A) It is highly necessary that the human population be controlled. If humans cannot control their population, there are many unpleasant consequences that will occur. Firstly, the issue of starvation and famine will only get worse. Already, there are millions of people starving around the world. With every new baby comes another mouth to feed, and a more thin spread of food. Especially in the developing world, the search for food will lead to further degradation of the earth's resources and more problems with the environment. This leads to another problem, which would be pollution. As more people populate the earth, more and more cities would have to crop up; cites are hot spots of pollution. With all of the people in those areas needing fossil fuels to reach their workplaces, regulate their homes' temperatures, and live their daily lives, the air quality would significantly decrease, making the earth a toxic place for both humans and their fellow creatures to live. The output of pollution and greenhouse gasses would lead to worsening global warming. Global warming contributes to the rise of sea level, which contributes to another problem: overcrowding. Not only will less and less land space be available for people to live on because of rising oceans, but more and more people will be competing for it. There will simply not be enough space for humans to live on, let alone for wildlife to wander freely. Overcrowding lends itself to the next disaster that will befall humanity should it not control its population. Disease will become much more rampant as people live in closer conditions, as they seek whatever sad nutrition they can get, and as they become even more desperate for any water, contaminated or not. Should humans fail to control the growth of their population, nature will inevitably do it for them, in a manner far less pleasant than voluntary shrinking; it will control the population through mass starvation, plague, and natural disasters.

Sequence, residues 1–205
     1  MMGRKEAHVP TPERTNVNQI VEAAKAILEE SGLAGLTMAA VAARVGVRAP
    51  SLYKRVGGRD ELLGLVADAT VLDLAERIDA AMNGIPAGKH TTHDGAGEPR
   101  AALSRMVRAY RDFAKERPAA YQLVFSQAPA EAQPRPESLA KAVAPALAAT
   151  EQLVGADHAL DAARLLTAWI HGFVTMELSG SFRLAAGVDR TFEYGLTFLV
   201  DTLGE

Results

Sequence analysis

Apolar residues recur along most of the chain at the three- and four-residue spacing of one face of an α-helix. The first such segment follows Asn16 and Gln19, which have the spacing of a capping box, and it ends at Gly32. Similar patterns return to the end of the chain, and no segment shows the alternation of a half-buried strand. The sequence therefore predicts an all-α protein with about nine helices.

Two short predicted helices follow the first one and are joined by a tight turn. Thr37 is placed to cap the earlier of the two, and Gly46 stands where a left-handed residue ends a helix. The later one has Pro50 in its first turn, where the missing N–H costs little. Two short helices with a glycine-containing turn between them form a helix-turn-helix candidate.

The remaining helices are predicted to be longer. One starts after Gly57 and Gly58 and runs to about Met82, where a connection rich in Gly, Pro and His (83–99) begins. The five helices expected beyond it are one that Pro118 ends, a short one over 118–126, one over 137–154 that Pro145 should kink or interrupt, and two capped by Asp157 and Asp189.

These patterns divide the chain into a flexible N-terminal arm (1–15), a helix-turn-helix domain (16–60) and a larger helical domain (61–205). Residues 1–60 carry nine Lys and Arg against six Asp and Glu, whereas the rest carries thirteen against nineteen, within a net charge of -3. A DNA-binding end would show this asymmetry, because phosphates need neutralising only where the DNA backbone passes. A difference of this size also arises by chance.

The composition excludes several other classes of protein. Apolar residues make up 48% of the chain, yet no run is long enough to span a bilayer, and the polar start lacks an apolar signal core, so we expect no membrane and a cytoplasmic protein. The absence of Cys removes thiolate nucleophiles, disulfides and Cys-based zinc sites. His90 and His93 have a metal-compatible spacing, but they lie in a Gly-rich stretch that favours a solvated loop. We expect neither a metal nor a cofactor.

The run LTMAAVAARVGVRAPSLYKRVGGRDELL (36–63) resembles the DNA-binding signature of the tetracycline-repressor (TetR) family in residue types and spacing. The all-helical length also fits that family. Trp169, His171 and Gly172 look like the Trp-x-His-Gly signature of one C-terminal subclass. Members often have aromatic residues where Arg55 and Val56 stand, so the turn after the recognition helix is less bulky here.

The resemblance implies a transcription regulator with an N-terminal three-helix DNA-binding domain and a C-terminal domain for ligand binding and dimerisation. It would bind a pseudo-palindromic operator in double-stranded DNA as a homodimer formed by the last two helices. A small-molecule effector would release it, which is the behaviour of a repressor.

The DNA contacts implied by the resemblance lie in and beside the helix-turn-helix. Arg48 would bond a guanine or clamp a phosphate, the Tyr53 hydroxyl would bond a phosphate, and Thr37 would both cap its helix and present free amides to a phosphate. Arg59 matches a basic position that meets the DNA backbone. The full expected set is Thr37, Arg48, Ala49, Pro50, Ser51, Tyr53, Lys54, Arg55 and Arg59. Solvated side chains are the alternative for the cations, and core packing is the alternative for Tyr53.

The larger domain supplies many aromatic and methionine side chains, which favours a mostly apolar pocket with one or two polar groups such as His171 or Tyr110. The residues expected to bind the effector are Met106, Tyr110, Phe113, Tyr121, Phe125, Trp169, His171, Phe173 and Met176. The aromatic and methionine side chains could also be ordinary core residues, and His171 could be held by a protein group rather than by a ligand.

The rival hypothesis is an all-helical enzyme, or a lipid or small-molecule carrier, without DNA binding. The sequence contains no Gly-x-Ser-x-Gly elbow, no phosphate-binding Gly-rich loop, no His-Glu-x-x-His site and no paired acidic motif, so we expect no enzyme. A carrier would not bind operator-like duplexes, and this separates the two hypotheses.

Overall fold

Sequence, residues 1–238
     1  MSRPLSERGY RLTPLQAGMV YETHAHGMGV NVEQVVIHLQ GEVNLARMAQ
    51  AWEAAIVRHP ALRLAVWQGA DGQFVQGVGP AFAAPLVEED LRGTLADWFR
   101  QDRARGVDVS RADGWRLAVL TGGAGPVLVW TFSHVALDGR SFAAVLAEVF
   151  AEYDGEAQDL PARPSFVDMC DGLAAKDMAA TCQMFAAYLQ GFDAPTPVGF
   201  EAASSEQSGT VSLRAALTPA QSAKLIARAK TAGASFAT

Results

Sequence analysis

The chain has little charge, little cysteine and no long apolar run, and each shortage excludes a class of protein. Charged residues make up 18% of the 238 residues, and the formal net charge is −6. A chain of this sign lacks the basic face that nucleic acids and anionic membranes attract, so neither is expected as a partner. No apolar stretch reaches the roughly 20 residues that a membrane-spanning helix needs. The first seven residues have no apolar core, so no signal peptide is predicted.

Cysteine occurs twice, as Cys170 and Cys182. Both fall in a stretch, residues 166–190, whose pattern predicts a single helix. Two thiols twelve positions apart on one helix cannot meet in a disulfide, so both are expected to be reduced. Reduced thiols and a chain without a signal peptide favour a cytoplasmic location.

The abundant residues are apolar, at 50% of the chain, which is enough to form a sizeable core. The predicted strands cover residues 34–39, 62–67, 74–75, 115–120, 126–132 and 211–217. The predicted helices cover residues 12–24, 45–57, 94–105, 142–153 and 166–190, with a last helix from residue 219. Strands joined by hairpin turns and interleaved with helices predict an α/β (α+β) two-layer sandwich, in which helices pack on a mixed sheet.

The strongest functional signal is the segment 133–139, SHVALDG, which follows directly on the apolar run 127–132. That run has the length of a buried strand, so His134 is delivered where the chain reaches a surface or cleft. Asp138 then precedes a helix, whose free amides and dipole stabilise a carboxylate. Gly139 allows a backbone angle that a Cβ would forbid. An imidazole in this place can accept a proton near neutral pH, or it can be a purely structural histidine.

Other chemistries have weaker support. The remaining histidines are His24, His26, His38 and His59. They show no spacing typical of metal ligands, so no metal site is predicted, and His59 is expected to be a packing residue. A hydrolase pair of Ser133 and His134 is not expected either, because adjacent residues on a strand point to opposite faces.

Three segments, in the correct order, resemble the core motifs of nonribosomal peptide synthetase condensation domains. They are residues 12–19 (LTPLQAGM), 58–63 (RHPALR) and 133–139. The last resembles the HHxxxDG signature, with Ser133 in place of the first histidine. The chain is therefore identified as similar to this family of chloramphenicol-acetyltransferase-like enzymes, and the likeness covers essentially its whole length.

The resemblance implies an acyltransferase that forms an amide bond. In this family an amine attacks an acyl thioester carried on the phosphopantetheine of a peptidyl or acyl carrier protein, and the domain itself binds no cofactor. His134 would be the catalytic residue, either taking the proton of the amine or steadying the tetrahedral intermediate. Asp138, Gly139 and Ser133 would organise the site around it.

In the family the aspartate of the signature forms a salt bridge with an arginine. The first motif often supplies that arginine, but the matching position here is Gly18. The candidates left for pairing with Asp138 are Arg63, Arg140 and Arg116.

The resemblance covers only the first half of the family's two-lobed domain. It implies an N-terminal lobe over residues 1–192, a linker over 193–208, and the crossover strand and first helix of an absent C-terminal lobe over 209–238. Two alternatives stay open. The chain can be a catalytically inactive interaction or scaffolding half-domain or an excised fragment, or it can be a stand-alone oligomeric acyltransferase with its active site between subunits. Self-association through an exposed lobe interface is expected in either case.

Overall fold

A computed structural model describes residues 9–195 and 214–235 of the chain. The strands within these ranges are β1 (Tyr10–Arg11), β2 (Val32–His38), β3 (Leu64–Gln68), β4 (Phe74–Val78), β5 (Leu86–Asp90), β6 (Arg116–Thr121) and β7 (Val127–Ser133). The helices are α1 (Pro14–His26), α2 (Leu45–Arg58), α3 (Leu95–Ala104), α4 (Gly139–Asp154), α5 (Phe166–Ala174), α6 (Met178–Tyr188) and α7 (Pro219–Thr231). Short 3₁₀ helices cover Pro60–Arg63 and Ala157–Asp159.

B) One major issue impeding the progress of human population control is the moral issue of family planning. Religion plays a tremendous role in the lives of humans, and by following their religions devoutly, population control has become a problem. Catholicism is one of the major roadblocks, as even the use of contraceptives is forbidden. Preventing any possible life is considered a sin, and so families of this religion have significantly limited family planning options; they can not have sex, or they can have more babies than desired. Even if the woman unwillingly become pregnant, abortions are not permitted as all life is considered sacred. Fundamentalist Protestants are another large roadblock; abortion is considered murder by them, one of the worst sins. Muslim fundamentalists also create issues in the family planning topic, as they believe that a large family is a blessed family. Therefore, the idea is to have as many children as possible, which is exactly what a population control advocate would object to. There are religions, however, that take a middle ground, allowing for some leeway for family planning. Both Hinduism and Judaism hold the belief that abortion can be okay and even necessary in certain circumstances. Buddhism does not stand in the way quite as much, as it is one of few religions that does not perpetuate the idea that more children is a good thing, but that children come naturally and are not to be pushed for.